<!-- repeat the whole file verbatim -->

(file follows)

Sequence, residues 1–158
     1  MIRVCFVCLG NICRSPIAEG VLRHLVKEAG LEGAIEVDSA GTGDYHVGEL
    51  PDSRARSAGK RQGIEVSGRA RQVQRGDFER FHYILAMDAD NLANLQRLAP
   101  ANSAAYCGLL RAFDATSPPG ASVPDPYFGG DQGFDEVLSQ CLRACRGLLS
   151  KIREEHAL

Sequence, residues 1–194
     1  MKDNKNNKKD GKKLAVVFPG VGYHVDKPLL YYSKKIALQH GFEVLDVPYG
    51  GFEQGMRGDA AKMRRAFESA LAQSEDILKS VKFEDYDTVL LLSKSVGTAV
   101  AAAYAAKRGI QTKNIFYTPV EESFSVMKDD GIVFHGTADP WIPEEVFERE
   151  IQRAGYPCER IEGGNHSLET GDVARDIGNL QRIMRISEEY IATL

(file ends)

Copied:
Sequence, residues 1–158
     1  MIRVCFVCLG NICRSPIAEG VLRHLVKEAG LEGAIEVDSA GTGDYHVGEL
    51  PDSRARSAGK RQGIEVSGRA RQVQRGDFER FHYILAMDAD NLANLQRLAP
   101  ANSAAYCGLL RAFDATSPPG ASVPDPYFGG DQGFDEVLSQ CLRACRGLLS
   151  KIREEHAL

Sequence, residues 1–194
     1  MKDNKNNKKD GKKLAVVFPG VGYHVDKPLL YYSKKIALQH GFEVLDVPYG
    51  GFEQGMRGDA AKMRRAFESA LAQSEDILKS VKFEDYDTVL LLSKSVGTAV
   101  AAAYAAKRGI QTKNIFYTPV EESFSVMKDD GIVFHGTADP WIPEEVFERE
   151  IQRAGYPCER IEGGNHSLET GDVARDIGNL QRIMRISEEY IATL